“Dispiriting” how much public money is spent on unnecessary costs disputes

It is “dispiriting” how much public money is spent by public authorities arguing “unnecessarily” about costs, a deputy costs judge has said.

Deputy Master Campbell made the comments in R (On the application of TT) v Secretary of State for the Home Department [2021] EWHC B21 (Costs), a judicial review in an immigration case where the defendant argued it would be unjust to have to pay the 10% part 36 uplift because the money was coming out of the public purse.

By consent order in 2014, the defendant secretary of state agreed that the claimant had been unlawfully detained. Costs proceedings were delayed for six years because the claimant’s solicitors went out of business.

A bill for £89,000 was served last year and the parties agreed that interest at 8% would run only from 12 March 2014 to 11 June 2014 and thereafter only from 17 July 2020 until payment, credit being given for £49,867 paid on account on 1 December 2020.

On assessment, the deputy master allowed £70,807, with agreed interest of £3,870. The claimant thus beat its part 36 offer by £1,928.

The defendant argued that it would be unjust for the 10% additional sum to be added to the costs due, increasing the amount payable by the secretary of state by £7,000.

It said the offer was only beaten because of the interest and it was unjust to take this into account because it only arose due to the claimant’s delay in bringing the proceedings, and that in any case the additional sum should not be ordered bearing in mind that the funds would come out of the public purse.

The judge disagreed, favouring arguments of the claimant’s counsel. The defendant could and should have mitigated its liability to pay interest by making a payment on account, he said.

“Whilst it is right that there was no obligation to do so until 28 days after service of the bill, paragraph 7 of the consent order took effect on 14 August 2020 but no payment was made until 1 December 2020.

“Had the payment been made on time, the interest saved would have been about £1,160. Omitting to do so and failing to comply with an order to which the defendant had itself given its consent is not a promising start when it comes to seeking a discretionary remedy, as here.

“Nor is the fact that the defendant made no attempt to mitigate its liability for interest by making a payment earlier than the date it did, albeit that there is no obligation to do so: it just makes commercial sense that it should be done, irrespective of any delay by a receiving party in serving their bill.”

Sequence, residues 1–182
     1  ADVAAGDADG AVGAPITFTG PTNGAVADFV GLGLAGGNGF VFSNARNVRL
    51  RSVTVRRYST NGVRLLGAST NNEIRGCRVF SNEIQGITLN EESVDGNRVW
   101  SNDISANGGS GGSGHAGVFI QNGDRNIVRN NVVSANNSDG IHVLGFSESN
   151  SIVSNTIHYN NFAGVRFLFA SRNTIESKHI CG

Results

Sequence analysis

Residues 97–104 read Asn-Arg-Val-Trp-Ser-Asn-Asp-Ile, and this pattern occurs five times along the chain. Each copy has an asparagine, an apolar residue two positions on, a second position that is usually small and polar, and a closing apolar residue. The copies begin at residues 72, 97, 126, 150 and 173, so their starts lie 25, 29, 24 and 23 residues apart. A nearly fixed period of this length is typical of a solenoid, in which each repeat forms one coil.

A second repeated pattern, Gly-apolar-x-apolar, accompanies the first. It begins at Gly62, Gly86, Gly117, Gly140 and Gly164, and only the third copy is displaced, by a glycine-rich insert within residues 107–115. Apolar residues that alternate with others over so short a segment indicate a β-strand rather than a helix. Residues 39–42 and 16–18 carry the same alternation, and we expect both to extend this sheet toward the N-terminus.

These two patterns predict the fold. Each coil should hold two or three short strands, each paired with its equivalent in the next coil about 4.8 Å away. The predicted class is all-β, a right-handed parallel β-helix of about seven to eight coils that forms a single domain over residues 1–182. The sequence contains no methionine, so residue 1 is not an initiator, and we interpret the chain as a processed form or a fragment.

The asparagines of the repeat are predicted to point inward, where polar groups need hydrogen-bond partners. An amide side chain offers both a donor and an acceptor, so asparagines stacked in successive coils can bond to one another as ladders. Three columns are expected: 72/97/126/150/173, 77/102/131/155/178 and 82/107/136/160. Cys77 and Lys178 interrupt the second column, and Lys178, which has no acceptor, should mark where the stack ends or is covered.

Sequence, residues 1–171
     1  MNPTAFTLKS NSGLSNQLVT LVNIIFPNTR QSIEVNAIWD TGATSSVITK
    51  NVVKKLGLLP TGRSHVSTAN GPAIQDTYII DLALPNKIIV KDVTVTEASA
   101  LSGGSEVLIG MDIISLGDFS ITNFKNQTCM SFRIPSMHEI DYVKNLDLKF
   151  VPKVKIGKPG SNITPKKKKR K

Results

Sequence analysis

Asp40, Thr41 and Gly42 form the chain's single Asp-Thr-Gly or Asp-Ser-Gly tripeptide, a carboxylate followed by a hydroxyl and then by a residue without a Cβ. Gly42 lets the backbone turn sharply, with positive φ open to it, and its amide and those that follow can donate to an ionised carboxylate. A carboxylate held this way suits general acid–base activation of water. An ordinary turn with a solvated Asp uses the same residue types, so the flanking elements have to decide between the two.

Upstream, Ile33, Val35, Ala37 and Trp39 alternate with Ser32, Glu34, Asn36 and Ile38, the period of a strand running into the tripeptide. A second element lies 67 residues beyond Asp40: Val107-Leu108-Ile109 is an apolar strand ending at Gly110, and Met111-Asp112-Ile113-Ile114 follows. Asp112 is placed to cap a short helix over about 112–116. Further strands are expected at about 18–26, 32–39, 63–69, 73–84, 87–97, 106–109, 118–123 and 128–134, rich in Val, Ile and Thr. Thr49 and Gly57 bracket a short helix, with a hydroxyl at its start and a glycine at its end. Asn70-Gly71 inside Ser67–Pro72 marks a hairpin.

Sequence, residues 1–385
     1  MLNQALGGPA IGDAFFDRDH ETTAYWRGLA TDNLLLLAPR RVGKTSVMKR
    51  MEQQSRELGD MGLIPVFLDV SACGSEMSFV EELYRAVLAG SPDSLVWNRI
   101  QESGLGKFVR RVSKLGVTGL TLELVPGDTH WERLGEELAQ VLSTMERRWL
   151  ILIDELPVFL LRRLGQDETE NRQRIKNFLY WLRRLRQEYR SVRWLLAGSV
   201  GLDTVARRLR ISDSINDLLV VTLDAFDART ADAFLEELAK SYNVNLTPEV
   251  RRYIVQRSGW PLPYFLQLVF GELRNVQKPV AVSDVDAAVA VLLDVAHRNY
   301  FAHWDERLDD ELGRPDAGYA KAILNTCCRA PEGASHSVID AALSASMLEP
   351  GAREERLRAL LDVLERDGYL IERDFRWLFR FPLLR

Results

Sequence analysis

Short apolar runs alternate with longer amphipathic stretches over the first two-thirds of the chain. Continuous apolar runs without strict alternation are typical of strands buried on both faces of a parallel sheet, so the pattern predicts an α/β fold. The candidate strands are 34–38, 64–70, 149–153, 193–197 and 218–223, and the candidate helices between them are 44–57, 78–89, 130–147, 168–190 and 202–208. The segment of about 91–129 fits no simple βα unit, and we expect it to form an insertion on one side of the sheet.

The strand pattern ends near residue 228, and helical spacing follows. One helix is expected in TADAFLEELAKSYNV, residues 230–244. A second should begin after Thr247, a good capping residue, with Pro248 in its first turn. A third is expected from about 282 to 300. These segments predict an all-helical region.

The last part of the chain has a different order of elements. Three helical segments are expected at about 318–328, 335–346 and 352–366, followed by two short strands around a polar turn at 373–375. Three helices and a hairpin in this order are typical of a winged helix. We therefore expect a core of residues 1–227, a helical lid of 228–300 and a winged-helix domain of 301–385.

Deputy Master Campbell also agreed that it was permissible to take interest into account when working out whether a part 36 offer has been beaten.

He was unaware of any binding authority that it would be unjust to order payment of the additional sum where the public purse was paying.

He added that, having carried out “numerous” assessments involving paying parties where payment of the costs is coming out of public funds – predominantly judicial review and clinical negligence cases – “it is dispiriting how much public money is expended unnecessarily in arguing about those costs at assessment”.

Deputy Master Campbell continued: “Many such matters will have been capable of settlement much earlier, either through effective part 36 offers being made at an early stage or through a costs mediation before the fee for the assessment has been incurred.

“Of course, there are occasions when that is not possible such as where there are points of principle involved in a group action but, in the present case, the public purse was put to unnecessary expense by the defendant’s failure to make a part 36 offer at a level sufficient to give it costs protection had it been rejected, and in a sufficient sum so as to be attractive to the claimant and thus to make it acceptable.

“Not only that, but here, the defendant’s shortcomings were compounded by the fact that a realistic part 36 offer was turned down, comprising, as it did, interest to date, as well as the amount which the claimant was willing to accept for his costs – see CPR 36.5(5).”

Andrew Tollitt (instructed by NWL Costs Lawyers) for the claimant. Patrick Herhily (instructed by Government Legal Department) for the defendant.

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Costs News
Published date
27 Oct 2021

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